We retained relatively dependent SNPs with the plink ‘--indep-pairwise 25 5 0.2’ command. The genetic structure was estimated using Admixture software [54]. We calculated the ancestor coefficient matrix, simulated the situation of genetic clusters (K) from 1 to 20, and computed the cross-validation error rate. Furthermore, we used an online pophelper to display a population structure bar plot (http://pophelper.com/) [55].

Genome-wide association study

GWAS analyses of the egg number were performed using a univariate mixed linear model in GEMMA [56]. In the current study, only the PC1 was used as a covariate to correct population stratification. The model is as follows:

$$ \mathrm{y}=\mathrm{W}\upalpha +\mathrm{x}\upbeta +\mathrm{u}+\upvarepsilon $$

where y denotes a phenotypic value vector of 439 individuals, W is a matrix of covariates (fixed effects that contain a column of 1 s and the first principal component), α represents a vector of the corresponding coefficients consisting of intercepts, x is a vector of marker genotypes, β is the effect size of a marker, u is a vector of random effects with a covariance structure that follows a normal distribution as u ~ N (0, KVg), where K is a genetic relationship matrix and Vg is the polygenic additive variance; and ɛ is a vector of random residuals. In this study, the Wald statistic was used to test each SNP.

Manhattan and Quantile-Quantile (QQ) plot were made by R package “CMplot” and “qqman” respectively, and we also calculated λ based on p-values from GWAS to judge the degree of false-positive [57]. λ was calculated by the median of the resulting chi-squared test statistics divided by the expected median of the chi-squared distribution. We set the median of a chi-squared distribution with one degree of freedom was 0.454 in this study.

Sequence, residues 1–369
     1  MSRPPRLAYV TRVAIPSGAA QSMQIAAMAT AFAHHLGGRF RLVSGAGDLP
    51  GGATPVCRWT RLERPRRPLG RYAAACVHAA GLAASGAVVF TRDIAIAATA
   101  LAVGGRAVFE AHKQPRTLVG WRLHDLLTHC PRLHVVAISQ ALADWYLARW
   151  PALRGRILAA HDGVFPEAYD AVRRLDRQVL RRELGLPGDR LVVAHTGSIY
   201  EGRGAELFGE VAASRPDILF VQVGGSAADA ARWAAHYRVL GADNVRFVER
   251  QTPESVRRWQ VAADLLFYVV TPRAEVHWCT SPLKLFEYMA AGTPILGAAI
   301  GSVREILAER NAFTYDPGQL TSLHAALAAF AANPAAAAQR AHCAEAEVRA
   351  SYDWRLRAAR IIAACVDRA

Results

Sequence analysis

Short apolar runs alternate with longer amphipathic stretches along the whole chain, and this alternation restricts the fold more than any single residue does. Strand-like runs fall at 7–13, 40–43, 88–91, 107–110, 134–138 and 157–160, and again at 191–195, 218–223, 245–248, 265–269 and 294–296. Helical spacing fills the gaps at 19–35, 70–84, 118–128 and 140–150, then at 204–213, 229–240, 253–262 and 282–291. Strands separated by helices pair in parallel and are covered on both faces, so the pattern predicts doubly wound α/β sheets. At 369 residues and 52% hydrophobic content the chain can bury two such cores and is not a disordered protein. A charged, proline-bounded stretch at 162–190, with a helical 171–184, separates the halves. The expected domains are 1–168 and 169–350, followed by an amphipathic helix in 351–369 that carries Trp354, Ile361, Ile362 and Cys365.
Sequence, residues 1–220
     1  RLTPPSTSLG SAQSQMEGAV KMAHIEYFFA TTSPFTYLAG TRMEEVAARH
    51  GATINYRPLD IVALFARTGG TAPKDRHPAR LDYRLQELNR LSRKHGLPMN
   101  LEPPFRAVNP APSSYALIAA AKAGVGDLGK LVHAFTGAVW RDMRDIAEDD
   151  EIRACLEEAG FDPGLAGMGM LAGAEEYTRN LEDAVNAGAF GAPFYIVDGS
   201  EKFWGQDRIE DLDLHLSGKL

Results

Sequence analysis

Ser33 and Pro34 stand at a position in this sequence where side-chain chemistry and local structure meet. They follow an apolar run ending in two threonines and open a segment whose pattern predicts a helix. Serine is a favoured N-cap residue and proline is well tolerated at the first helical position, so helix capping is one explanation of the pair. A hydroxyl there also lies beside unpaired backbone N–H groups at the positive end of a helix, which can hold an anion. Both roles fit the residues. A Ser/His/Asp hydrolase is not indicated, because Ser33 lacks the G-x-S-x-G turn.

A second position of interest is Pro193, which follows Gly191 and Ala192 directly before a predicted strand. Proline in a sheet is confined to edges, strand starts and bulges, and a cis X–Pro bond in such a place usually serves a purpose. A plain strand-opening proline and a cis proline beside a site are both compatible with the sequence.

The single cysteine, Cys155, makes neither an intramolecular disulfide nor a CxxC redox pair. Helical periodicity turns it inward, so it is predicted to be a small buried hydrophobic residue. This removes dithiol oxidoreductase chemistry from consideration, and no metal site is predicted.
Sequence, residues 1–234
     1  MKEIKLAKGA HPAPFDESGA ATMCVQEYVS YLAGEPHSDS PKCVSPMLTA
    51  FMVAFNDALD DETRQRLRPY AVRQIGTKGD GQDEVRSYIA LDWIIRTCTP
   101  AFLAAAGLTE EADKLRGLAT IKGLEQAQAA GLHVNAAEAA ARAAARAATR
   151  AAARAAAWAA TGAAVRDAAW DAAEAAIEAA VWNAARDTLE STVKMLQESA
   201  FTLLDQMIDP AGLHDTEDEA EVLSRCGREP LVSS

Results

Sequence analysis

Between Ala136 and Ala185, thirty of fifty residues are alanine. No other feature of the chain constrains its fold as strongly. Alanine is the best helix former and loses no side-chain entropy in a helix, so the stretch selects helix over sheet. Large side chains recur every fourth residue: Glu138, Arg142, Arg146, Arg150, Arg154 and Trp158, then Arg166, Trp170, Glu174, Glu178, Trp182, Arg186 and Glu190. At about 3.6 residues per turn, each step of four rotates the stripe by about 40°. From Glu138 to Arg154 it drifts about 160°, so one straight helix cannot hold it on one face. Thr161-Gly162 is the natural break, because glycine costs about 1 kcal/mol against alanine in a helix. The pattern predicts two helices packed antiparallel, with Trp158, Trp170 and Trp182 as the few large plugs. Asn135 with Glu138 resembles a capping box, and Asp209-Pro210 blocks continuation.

The traditional Bonferroni correction is too strict, resulting in a higher false-negative rate and omission of some SNPs truly associated with the target trait [58]. Therefore, in this study, we calculated the sum of the number of independent SNPs and LD blocks for correction [59]. The effective number of independent tests was 127,862 in this study. Hence, the threshold P value was adjusted to 3.91 × 10− 7 for a genome-wide significance level, and 7.82 × 10− 6 for a genome-wide suggestive significance level. This means that SNPs with P values below 7.82 × 10− 6 are considered and may be associated with egg number traits.

Bioinformatics analysis of candidate genes

We identified candidate genes by searching for the nearest genes located within 400 bp upstream or downstream of the significant associated SNPs and annotated based on the Galgal 5.0 assembly supported by Ensembl (http://www.ensembl.org/index.html) databases. We then checked the biological functions of these genes in PubMed (https://pubmed.ncbi.nlm.nih.gov).

Overlap with known QTLs

In addition, regions within 100 kb of a candidate SNP were searched for previously reported QTLs with egg number, egg production or reproductive traits in the chicken QTL database (https://www.animalgenome.org/cgi-bin/QTLdb/GG/index).

Availability of data and materials

The datasets generated for this study can be found in FigShare https://figshare.com/s/7592d6524d1af7acfdb7.

Abbreviations

GWAS:

Genome-wide association study

SNPs:

Single nucleotide polymorphisms

QTL:

Quantitative trait loci

PCA:

Principal component analysis

λ:

Genomic inflation factors

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Acknowledgments